A cauliflower by any other name

Sometimes it’s just mentioning the name of the food that can turn up the nose of my kids.  But change it a bit, don’t mention the name and wham, they like it.  Totally by accident I again found this out.  I didn’t purposefully omit “cauliflower” when I had my middle son try the soup I’d just made, because he of all my sons loves cauliflower. I just said, “Here try this.” It’s the other two who profess to “hate it”.  That is until I made the soup.  They saw it cooking and my youngest one asked what the smell in the kitchen was, so I showed him the cauliflower soup still in it’s adolescence.  He looked and said, “Yuck! I Hate Cauliflower!”  and walked away.  Well, after I puréed the soup, and it no longer looked the same, I approached my cauliflower-loving middle with a spoonful.  He ate it and requested another spoonful immediately, so my youngest sitting next to him and not wanting to be left out, said, “Hey I want some!”  “Ok!”, I gave him a taste.  And another, and another.  And so on and so on. Well then my eldest wanted a taste.  And another… so much for cauliflower hating.  They all had more.  I think the spices and appearance were just camouflaging enough that they were open to sample.

I adapted Spicy Cauliflower Soup from The Art of Simple Food byAlice Waters

Curried Cauliflower Soup

2/3 lg head cauliflower, chopped

2 Tbsp olive oil

1/2 onion diced

1 sm carrot, peeled and diced

3/4 tsp cumin seeds, crushed

3/4 tsp coriander seeds, crushed

1/2 tsp hot chili powder

1/4 tsp turmeric

salt and pepper

1 Tbsp fresh cilantro chopped or 1 cube frozen cilantro

1 1/2 cups chicken stock

1 cup vegetable stock

1 cup water

Sauté onion and carrot in olive oil. Stir in spices and remaining ingredients. Bring to boil then lower heat and simmer for 30-35 minutes.  Purée with immersion blender. Optional garnish- – plain yogurt, mint and lime juice

Snowed In!

This past week my kids have had a 6 days in a row without school (only 2 were actually snow days) and they’d just returned from the winter holiday break and had a snow day the week before.  In the morning I will find out if it will be 7 days in a row.  Luckily the inability to get to school has also turned our town into winter wonderland and without having to travel, the kids have had a blast sledding, making snow forts and just playing in the more than 2 feet of snow.   If they stay inside too long they drive me and themselves crazy.  Snow is such a great draw to play outside; it’s much more fun than rain!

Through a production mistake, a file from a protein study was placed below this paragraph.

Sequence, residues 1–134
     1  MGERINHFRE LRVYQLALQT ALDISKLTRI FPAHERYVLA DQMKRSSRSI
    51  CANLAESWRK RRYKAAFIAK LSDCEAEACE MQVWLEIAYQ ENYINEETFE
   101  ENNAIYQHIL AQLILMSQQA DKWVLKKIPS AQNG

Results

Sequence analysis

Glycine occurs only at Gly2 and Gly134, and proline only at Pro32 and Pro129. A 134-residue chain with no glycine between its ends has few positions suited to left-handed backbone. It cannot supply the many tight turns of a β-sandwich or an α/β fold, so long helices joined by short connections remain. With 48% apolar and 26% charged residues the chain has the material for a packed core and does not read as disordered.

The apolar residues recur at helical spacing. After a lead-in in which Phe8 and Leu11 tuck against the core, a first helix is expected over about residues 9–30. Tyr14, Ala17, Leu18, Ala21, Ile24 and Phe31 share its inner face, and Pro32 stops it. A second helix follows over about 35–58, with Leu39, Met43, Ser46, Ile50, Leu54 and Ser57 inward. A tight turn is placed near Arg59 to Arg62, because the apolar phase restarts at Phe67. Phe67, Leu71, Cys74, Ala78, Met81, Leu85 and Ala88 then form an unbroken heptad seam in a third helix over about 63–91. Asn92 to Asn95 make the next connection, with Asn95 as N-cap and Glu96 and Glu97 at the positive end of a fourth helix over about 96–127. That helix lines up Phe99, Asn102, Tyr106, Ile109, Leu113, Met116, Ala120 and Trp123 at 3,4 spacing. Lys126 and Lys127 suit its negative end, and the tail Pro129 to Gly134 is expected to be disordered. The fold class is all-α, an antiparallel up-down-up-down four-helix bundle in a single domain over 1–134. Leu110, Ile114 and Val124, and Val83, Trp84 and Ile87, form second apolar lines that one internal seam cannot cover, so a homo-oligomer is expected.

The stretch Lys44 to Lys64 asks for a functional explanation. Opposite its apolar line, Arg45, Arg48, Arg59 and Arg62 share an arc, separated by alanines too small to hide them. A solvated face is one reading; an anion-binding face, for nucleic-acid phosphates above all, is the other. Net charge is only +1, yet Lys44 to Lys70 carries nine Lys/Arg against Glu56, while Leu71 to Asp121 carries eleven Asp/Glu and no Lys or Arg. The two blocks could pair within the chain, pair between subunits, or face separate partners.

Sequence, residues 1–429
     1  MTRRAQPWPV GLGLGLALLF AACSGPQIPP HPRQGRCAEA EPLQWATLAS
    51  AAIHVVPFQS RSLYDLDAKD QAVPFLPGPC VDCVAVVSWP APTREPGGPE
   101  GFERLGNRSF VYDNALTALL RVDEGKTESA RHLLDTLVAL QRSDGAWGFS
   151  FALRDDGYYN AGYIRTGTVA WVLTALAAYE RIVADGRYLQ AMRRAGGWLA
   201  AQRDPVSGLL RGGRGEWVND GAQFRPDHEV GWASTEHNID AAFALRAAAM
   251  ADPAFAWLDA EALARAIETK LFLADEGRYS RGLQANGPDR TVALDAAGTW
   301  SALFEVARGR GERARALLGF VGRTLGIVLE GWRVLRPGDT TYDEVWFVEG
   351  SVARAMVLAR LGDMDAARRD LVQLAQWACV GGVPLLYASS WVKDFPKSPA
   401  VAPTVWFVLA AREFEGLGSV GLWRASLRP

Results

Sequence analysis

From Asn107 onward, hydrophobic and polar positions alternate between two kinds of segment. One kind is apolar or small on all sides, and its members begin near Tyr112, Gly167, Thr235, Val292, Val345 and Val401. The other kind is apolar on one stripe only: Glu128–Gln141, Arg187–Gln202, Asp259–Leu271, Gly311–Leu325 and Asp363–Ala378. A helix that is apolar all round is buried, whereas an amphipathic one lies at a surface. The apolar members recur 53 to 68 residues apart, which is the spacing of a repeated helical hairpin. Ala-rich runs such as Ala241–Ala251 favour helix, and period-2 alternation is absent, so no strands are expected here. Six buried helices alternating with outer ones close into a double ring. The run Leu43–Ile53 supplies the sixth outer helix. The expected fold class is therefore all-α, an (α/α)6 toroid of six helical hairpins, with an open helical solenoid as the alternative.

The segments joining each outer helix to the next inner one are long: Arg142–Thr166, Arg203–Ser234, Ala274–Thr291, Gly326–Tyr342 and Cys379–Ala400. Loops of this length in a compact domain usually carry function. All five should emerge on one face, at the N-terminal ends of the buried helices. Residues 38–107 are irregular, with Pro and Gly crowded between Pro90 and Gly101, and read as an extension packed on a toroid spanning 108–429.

When the first big snowfall of the year was falling I made a simple, quick yet delicious and nutritious meal using leftover roast chicken.  We had chicken quesadillas, broccoli and cauliflower, brown and red rice, black beans and peas.  Since the rice was left over from a previous meal it took only 10 minutes to cook/assemble the whole dinner. 

I used pre-shredded cheese (Cheddar, pepper Jack and Muenster), chicken and chopped cilantro in the tortilla.  My husband showed me how the Mexican cooks he works with cook their quesadillas by putting the filling inside one half then folding the tortilla over it.  I think it’s easier to flip.  Once they’ve browned nicely and the cheese is melted you can cut into pieces and serve.  I didn’t have any avocados for guacamole (and wasn’t going out in the snow) but did have some jarred salsa.  I only had to heat the peas and beans (added oregano, 1/4 tsp chili powder, some chopped cilantro and garlic powder) and reheat the other veggies and rice.